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|Royal Albert Dock
|London's 'Great Eastern' Dock|
When the Royal Albert Dock opened to shipping in 1880, it was considered to be the finest dock system in the world. It was originally planned as an extension of the Royal Victoria Dock, to cope with the successful meat and tobacco trade.
|The Royal Docks. © NMM|
The modern dock equipment installed at the Royal Albert Dock proved to be a success in the handling of large hogsheads (55 gallons) of tobacco from America. There were always coopers on hand to repair damaged casks and help with tobacco sampling. With the arrival of adequate refrigeration, the Royal Albert Dock began regularly to handle meat, fruit and vegetables from Spain and Italy.
|Frozen meat being discharged at the Royal Albert Dock, 1949. © NMM|
Built as a modern dock, the Royal Albert Dock was designed to accommodate the largest vessels afloat in 1880. This was increased after a second entrance was constructed, and the dock was able to handle vessels of up to 12,000 tons. Although the dock was built to berth sailing vessels, the presence of hydraulic cranes and steam winches enabled a smooth transition to the large steam vessels used to transport goods.
|The Royal Albert Dock. © NMM|
The Royal Albert Dock was also used as a terminus by passenger vessels. The Great Eastern railway ran a passenger service from Fenchurch Street to Gallions, adjacent to the dock basin.
- The site covered 87 acres, the largest purpose built dock in Britain at this time.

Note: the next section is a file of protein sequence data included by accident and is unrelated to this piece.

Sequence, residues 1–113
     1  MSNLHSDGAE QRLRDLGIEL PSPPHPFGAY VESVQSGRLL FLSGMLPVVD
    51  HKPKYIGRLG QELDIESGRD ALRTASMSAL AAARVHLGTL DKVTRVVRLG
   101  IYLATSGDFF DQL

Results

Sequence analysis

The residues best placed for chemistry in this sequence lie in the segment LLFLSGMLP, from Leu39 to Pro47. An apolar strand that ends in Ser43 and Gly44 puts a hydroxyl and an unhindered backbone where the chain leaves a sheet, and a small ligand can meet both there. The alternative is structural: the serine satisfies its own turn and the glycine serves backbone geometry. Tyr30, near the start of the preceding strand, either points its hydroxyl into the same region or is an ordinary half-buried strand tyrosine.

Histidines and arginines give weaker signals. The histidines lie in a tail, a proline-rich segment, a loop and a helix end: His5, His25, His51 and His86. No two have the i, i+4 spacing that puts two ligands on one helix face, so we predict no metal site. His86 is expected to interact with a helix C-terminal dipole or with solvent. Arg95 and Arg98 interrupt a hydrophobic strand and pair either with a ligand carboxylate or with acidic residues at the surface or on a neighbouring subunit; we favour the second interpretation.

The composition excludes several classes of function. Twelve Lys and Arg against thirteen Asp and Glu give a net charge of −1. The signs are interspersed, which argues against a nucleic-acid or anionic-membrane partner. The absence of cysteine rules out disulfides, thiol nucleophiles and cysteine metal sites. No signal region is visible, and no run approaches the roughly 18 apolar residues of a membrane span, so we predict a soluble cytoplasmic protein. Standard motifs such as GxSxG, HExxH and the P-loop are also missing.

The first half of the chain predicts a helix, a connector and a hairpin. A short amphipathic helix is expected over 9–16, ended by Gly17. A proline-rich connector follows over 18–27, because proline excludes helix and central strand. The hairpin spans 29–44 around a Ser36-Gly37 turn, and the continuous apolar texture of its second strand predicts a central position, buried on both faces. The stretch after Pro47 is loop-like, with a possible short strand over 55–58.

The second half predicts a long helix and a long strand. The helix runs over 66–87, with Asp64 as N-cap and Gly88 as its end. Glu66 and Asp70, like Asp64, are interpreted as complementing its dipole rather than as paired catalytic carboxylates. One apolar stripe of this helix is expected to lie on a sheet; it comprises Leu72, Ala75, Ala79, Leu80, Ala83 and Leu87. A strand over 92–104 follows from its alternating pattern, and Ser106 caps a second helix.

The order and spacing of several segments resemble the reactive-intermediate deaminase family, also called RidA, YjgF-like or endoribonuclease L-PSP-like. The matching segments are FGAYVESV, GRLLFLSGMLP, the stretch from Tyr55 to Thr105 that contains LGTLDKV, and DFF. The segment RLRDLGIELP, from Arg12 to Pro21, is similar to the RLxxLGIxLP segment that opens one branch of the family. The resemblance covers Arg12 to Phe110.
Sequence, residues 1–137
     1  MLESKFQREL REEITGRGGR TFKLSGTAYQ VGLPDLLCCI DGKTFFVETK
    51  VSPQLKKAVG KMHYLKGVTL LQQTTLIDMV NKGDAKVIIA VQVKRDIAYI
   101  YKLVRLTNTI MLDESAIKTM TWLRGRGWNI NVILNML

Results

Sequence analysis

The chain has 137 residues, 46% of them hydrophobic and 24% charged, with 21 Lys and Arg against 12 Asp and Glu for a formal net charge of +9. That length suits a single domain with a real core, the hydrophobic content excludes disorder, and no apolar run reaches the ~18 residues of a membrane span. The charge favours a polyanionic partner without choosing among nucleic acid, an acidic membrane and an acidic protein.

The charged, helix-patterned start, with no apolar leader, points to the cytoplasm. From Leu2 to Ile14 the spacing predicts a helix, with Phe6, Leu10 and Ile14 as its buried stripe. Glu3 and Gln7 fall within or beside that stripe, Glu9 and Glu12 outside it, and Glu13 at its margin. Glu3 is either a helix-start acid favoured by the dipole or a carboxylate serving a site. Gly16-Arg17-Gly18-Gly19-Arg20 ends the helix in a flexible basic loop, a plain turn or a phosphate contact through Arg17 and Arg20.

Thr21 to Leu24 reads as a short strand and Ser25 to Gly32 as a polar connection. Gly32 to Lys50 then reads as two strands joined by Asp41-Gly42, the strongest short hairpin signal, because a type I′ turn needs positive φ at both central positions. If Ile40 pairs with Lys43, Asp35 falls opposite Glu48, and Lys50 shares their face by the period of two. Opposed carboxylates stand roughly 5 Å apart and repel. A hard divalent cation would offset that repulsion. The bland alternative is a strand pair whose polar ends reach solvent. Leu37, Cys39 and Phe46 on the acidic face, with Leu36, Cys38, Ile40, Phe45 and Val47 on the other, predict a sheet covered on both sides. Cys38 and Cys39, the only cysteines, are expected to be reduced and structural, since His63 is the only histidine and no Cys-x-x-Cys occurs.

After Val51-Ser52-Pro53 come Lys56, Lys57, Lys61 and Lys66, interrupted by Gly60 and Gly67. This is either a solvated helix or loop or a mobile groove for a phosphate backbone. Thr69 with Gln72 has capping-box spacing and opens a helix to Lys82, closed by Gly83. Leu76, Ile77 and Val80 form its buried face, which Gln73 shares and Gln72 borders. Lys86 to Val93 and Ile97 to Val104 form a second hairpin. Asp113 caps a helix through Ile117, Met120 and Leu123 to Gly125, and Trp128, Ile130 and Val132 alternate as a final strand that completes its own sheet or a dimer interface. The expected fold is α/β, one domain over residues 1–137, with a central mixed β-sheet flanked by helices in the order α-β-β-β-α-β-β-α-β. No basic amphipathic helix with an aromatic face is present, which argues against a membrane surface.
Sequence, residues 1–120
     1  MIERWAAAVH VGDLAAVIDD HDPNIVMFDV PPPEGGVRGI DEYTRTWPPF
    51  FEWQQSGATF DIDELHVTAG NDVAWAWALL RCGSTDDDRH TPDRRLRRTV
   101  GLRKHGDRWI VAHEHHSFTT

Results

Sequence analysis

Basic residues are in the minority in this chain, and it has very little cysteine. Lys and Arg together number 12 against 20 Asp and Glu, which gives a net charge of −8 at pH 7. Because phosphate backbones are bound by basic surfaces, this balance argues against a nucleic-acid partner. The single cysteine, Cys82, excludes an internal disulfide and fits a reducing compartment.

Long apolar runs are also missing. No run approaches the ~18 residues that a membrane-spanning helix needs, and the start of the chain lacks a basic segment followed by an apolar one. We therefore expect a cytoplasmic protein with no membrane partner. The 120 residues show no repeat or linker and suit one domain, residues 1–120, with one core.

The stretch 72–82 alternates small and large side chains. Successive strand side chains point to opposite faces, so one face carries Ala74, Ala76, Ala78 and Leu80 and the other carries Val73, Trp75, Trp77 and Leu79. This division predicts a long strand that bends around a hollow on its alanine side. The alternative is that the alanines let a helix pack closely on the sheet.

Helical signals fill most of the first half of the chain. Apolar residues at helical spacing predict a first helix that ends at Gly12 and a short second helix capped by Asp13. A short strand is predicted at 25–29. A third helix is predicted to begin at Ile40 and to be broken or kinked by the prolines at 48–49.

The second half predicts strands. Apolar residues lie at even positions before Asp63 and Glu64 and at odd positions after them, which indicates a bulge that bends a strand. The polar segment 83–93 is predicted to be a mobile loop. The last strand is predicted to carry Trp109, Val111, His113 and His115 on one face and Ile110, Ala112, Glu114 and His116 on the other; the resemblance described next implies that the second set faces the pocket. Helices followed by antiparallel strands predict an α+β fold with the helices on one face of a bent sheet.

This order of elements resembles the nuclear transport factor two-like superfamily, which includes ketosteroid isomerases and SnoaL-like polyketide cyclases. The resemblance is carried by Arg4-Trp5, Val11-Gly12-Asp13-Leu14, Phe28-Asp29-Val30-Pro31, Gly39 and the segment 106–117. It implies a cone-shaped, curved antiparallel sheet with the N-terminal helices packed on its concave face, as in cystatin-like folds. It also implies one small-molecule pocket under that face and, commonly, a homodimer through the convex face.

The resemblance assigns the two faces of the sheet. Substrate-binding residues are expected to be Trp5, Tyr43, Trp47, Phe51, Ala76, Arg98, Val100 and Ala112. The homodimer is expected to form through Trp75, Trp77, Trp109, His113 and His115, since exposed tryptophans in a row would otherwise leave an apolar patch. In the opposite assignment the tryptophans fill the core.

- Lucas & Aird undertook the contract and the engineer for the project was Sir Alexander Rendel.
- Around 500,000 cubic yards (382,277 cubic metres) of concrete and 20 million bricks were used to construct the dock system.
3000 men worked on the project, assisted by a steam land dredger, steam grabs, 70 steam cranes and 3 steam navvies.
- It cost £2.2 million and was one of the cheapest docks constructed in London.
- The dock was 1.75 miles (2.8 kiliometres) long and 9 metres deep. It had 3.125 (5 kilometres) miles of new quays. The dock was deepened to 10.36 metres in 1935.
- Two entrance locks connected the dock system to the river through a basin east of Manor Way. The Gallions Entrance Lock was 168 metres long by 24.4 metres across.
- The Royal Albert Dock had 2 small dry docks and 33 quayside transit sheds and warehouses. This included a large cold storage area.
- The Great Eastern Railway was taken across the dock, and an 860-ton swing bridge crossed the Gallions Entrance.
- The dock was served on both sides by extensions of the Great Eastern Railway. The dock had its own goods terminus in a warehouse on the north side of London Dock.
- The company built the Gallions Hotel for first-class steamer passengers. There were two subways, which gave direct access from the hotel to the quay of the Basin.
- The Royal Albert Dock was the first dock in London to be lit by electricity.
|1874||The London Dock Company begins construction of the Royal Albert Dock|
|June 1880||The Duke of Connaught officially opens the dock|
|1935||The North Quay is deepened and widened|
|1936||West India Dock trade is transferred to Royal Docks|
|6 September 1940||The Royal Albert Dock is one of the first targets for large scale bombing during the Second World War|
|25 September 1951||The contract for the reconstruction of the Gallions Entrance Lock is awarded to John Mowlem & Co. Ltd|
|1 January 1952||The Gallions Entrance Lock is closed to traffic|
|1956||The Gallions Entrance Lock is reopened to shipping|
|1981||The Royal Docks are closed|
|1982||Planning Application for City Airport is filed. It is to be housed on a disused quay between the King George V Dock and the Royal Albert Dock.|
|5 November 1987||The Queen officially opens City Airport.|
|1997||The Royal Business Park is opened on the north side of the dock|
|1998||University of East London’s Dockland Campus opens on the north side of the Albert Dock|
|2000||Docklands Regatta Centre is officially opened|
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